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CIH Scotland

New Arrivals

EEA workers, unemployed workers, retired workers and jobseekers

This page is for new arrivals. If you are a housing adviser please click here for information more relevant to you.

The law on this page only applies to you if you entered the UK before 1 January 2021, and from 1 July 2021 only you if applied to the EU Settlement Scheme by 30 June 2021: see further details.

Who is a 'worker' and what counts as 'genuine' work?

Once you start work in the UK as a paid employee you acquire 'worker' status except where your work is not considered to be genuine or is defined as 'marginal'. As a worker you have the right to continue to live in the UK and to access social security benefits and housing.

The law treats unemployed EEA workers, retired workers and EEA jobseekers differently:

  • You are a  jobseeker if you have entered the UK looking for work but have not yet found employment. You are allowed to live in the UK and seek work but have limited access to UK social assistance schemes. You may lose these rights if you have not found work after six months.
  • You are an unemployed worker if you have previously worked in the UK and are now temporarily unable to work. After six months' unemployment, however, you may lose your rights as a worker and become a jobseeker.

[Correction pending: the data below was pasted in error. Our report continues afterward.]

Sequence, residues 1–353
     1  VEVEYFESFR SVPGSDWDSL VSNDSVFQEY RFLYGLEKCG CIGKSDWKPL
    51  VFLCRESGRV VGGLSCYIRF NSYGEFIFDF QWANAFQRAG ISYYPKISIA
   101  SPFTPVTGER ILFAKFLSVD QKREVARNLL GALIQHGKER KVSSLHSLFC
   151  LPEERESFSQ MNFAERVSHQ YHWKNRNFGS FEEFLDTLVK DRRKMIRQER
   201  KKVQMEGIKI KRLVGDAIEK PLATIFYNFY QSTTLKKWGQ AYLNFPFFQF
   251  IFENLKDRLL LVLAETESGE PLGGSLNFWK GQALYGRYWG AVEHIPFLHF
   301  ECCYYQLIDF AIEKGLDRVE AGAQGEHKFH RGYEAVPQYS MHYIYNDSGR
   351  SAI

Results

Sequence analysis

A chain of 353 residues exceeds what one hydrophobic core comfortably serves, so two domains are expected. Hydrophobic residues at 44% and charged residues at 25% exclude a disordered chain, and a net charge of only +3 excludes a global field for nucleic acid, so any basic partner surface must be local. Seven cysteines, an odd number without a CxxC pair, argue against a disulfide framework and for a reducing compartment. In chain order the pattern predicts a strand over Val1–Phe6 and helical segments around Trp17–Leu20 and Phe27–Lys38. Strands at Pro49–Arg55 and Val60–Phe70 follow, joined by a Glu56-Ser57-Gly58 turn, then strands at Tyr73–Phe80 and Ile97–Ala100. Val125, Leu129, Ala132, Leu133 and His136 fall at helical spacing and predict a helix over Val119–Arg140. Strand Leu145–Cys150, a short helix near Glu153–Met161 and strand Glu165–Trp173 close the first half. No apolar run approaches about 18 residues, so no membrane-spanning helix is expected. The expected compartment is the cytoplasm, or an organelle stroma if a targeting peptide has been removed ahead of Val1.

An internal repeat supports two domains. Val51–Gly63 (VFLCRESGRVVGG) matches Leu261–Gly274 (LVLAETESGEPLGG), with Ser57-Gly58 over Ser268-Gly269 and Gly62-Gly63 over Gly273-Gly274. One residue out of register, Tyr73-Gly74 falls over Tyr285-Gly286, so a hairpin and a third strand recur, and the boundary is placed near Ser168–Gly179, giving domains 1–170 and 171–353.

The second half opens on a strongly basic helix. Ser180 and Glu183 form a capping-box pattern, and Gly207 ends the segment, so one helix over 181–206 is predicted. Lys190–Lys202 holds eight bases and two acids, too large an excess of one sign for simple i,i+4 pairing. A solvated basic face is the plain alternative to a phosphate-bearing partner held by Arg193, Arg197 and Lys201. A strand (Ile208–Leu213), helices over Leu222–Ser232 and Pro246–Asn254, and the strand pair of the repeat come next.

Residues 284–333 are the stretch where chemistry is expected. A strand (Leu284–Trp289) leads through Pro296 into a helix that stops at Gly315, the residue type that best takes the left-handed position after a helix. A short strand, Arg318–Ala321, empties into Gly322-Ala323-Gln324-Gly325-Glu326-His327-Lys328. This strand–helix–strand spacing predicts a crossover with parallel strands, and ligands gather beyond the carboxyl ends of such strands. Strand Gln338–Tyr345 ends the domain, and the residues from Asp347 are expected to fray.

• You are a retired worker if you have worked in the UK as a worker or self-employed person and have now retired from the labour market due to old age, sickness or incapacity.

To qualify as a worker the work that you do must be:

  • 'Genuine and effective': there must be a real job. Even if there is no contract, there must be an employer and wages or the equivalent in goods or services must be paid. Family or friendly arrangements with no contract or regular hours, or those that do not pay a minimum wage may be regarded as not genuine or effective.
  • Not 'marginal or ancillary'. Where hours and earnings are very low, the work may be 'marginal'.

Although you should not be denied worker status just because your earnings are so low that they need to be supplemented by benefits (e.g. tax credits and/or housing benefit), if you are claiming benefits as a worker or former worker and your earnings are too low to pay national insurance (£166 per week in 2019/20), the benefits authority may decide that your work is or was marginal. A number of factors should be considered before deciding that the work that you do is marginal or not effective or genuine. These include:

  • the period of employment
  • the number of hours worked
  • the level of earnings
  • whether the work is regular or erratic.

These factors must be considered as a whole and the absence or presence of one cannot be considered as being conclusive.

More Information

Chartered Institute of Housing Scotland